PVD metal coatings including silver and gold were traditionally used to avoid fretting failure. The augmented fatigue life with PVD comes as a result of mainly compressive residual stresses during coating, in some cases at magnitudes of 7.08 GPa, and the excellent adhesion of coating to substrate.
In surface treatments by hard thin coating techniques, it is useful to be noted that fretting has a deleterious effect on the fatigue life of AL7075-T6 in uncoated and coated conditions at any bending stress .
Consequently, fretting can reduce the fatigue life of uncoated Al7075-T6 by about 30% in low cycle regions and by 57% in high cycle regions. Magnetron sputtering PVD coating in combination with hard anodizing substantially enhanced the fretting fatigue of AL7075-T6. As opposed to uncoated samples, a 119.55% enhancement in surface hardness of hard-anodized Al7075-T6 with a hardness of 393 HV was gained. At low bending stress, the fretting fatigue life of Al7075-T6 alloy is improved by the hard-anodized coating with hardness of 360 HV [131–134].
IBED technique demonstrates better film properties than similar films produced by PVD.
The superior ability of nitriding to enhance fretting fatigue is more evident when this technique is paired with magnetron sputtering PVD. Different studies have reported that none of nitriding and titanium coating could suitably enhance the fretting fatigue life of Al7075-T6. Hence, investigations showed the dramatic development in the fretting fatigue behavior of Al-7075-T6 when subjected to duplex surface treatment including nitriding followed by titanium coating. The duplex treatment is much more effective at lower stress. At a stress of 130 MPa, the fretting fatigue life improved by 100% but only by 13% at 280 MPa.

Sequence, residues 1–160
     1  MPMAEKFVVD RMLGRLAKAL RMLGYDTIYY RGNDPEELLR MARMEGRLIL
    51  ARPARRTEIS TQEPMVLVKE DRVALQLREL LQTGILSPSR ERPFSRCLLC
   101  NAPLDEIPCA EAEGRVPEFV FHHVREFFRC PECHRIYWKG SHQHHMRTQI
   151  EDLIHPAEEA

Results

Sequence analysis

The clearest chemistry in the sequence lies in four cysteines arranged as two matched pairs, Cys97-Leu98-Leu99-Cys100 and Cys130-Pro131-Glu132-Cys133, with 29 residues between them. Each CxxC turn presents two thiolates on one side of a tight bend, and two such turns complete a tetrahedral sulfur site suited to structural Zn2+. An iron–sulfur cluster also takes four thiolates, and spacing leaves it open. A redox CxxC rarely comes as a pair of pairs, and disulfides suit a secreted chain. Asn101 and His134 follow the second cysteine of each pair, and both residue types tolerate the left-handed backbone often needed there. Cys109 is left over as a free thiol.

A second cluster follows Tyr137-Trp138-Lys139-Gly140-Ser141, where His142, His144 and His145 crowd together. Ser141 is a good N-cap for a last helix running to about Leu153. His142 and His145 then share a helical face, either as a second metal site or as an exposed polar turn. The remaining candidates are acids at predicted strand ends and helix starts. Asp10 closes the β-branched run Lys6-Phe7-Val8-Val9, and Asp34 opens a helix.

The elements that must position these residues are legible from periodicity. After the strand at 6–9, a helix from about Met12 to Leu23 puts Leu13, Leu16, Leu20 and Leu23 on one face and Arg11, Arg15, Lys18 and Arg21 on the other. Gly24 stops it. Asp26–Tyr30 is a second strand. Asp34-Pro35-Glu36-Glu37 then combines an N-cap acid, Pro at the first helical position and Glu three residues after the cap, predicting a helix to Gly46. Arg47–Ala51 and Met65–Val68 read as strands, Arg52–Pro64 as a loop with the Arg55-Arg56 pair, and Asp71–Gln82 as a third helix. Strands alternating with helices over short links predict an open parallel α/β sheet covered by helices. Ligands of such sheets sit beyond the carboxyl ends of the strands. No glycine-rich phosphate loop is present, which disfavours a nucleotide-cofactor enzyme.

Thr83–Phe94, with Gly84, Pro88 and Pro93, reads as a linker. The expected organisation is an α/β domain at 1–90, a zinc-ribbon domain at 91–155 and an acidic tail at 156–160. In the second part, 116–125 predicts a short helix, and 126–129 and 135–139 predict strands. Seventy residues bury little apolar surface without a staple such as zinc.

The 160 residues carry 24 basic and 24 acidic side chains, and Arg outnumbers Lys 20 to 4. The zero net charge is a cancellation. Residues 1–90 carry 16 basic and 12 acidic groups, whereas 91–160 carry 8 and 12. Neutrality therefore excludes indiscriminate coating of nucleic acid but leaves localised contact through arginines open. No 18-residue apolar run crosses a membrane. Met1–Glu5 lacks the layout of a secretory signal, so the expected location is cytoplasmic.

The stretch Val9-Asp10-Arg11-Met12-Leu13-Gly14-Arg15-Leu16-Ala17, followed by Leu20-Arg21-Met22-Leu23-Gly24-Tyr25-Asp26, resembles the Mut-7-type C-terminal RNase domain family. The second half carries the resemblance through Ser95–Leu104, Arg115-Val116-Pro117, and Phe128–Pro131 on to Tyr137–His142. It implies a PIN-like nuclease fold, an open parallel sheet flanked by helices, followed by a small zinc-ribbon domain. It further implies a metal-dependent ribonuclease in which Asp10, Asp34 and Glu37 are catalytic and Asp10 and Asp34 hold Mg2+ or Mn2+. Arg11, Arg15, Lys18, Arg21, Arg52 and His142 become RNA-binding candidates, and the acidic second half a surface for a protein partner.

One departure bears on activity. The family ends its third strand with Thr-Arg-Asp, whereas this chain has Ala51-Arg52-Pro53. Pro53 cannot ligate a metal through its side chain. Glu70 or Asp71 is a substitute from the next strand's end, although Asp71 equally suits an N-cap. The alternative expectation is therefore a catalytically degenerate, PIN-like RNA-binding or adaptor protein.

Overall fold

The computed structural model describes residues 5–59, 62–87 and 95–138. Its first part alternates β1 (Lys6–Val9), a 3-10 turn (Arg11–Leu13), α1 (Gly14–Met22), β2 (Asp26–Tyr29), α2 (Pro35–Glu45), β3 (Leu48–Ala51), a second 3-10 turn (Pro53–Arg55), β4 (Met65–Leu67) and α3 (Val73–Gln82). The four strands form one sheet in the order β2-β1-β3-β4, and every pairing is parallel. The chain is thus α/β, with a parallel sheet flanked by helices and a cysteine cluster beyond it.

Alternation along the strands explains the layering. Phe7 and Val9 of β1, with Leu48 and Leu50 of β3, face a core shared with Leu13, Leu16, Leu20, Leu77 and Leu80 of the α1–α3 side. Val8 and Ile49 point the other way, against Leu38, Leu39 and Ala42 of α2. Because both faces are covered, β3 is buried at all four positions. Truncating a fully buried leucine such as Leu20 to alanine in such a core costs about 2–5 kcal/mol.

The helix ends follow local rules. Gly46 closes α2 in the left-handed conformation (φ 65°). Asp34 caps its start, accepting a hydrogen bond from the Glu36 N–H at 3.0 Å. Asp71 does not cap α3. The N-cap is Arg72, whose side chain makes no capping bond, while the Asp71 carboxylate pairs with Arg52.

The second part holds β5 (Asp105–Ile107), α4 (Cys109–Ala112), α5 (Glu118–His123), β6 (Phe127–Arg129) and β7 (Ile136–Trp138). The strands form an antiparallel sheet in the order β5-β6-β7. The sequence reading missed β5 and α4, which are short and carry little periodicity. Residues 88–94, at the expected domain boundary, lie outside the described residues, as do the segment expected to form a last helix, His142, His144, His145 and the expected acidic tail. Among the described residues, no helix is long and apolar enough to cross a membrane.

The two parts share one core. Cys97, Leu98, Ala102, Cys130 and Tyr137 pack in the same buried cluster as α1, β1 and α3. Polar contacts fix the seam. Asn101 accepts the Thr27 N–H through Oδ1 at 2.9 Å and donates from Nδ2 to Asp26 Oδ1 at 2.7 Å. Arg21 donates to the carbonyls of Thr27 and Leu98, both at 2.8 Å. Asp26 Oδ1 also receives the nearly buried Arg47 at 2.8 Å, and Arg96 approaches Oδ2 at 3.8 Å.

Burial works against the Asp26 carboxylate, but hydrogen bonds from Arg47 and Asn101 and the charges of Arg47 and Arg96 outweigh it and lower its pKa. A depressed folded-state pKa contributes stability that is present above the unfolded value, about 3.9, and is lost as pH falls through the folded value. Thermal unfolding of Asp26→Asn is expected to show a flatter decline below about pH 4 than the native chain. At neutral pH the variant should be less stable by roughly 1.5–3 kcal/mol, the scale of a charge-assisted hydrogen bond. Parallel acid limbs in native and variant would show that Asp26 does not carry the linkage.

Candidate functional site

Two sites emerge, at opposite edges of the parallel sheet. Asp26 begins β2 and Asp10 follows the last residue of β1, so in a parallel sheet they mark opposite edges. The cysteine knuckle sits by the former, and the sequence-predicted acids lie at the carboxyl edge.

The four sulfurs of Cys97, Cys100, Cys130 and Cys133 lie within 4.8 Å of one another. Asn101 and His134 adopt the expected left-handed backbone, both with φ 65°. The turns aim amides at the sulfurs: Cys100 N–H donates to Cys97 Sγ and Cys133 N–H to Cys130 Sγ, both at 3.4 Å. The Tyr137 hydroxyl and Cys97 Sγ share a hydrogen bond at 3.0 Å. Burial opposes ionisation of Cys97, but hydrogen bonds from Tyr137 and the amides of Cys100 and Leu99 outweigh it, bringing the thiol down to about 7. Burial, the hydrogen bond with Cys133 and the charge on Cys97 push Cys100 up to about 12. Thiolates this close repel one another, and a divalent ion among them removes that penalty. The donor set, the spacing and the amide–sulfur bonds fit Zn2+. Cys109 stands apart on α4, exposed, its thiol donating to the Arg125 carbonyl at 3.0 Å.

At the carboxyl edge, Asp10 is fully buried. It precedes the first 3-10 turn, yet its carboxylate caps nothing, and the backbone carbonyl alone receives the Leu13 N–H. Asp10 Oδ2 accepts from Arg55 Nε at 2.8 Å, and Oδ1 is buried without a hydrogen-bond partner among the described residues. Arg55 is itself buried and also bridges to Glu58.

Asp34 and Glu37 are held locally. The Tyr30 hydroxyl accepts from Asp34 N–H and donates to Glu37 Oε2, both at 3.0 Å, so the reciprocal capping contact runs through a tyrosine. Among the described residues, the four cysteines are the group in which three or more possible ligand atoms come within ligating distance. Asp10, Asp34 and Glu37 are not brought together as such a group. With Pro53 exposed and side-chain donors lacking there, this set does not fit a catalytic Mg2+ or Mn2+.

Accordingly, it is recognized that duplex surface treatment entailing nitriding at low temperature followed by titanium coating using magnetron-sputtering PVD technique results in the greatest Al7075-T6 performance against fretting fatigue damage.
The effects of various methods including deep rolling, shot peening, laser shock peening, thin film hard coating using physical vapor deposition (PVD), hard anodizing, ion-beam-enhanced deposition (IBED), and nitriding to diminish the effect of fretting on the fatigue life of Al7075-T6 alloy are studied in detail. The following conclusions are derived.(a)The deep rolling technique effectively improves the fretting fatigue behavior at high pressure. Increasing the rolling force increases fretting fatigue accordingly. DR maintains low surface roughness and great depth of compressive residual stress. The effect of DR on fretting fatigue resistance is deeper with high cycle fatigue, with up to 700% recorded. For low cycle fatigue (less than 105 cycles), SP improves fretting fatigue more effectively than DR, by 300%. Reshot peening technique seems to be much better than simple shot peening. After 5 reshot peenings, the fretting fatigue life of Al7075-T6 is improved by 600%.(b)The fretting fatigue life for nitrided specimens with no surface modification is significantly lower than the intact samples. However, the duplex surface treatment comprising nitriding at a low temperature plus titanium coating using magnetron sputtering technique improved the fretting fatigue of Al 7075-T6 up to 100% at low stress. This technique could not sustain the same outcome at high stresses such as 280 MPa where fretting fatigue rose by merely 13%.(c)Thin film hard coating is found to be a good choice for enhancing the fretting fatigue life of Al7075-T6. Fretting decreased the fatigue life of uncoated Al7075-T6 by 57% in high cycle regions and 30% in low cycle regions. The fretting fatigue lives of TiN-coated specimens are improved at high cyclic fatigue by 39% and 77% and at low cyclic fatigue by 61% and 16%, respectively, compared to the uncoated specimens.(d)IBED technique demonstrates superior film properties to similar films prepared by PVD technique. Titanium coating via IBED reportedly increased the fatigue life of Al alloy 7075-T6 by 100% at low working stresses.
Conflict of Interests
There are no competing or financial interests in this paper.
The authors acknowledge the financial support under the University Malaya Research Grant (Grant no. UM.TNC2/RC/AET/GERAN (UMRG) RG133/11AET) from the University of Malaya, Malaysia. This research was partially funded by the University of Malaya under UMRG Programme Grant no. UM.TNC2/RC/AET/261/1/1/RP017-2012C.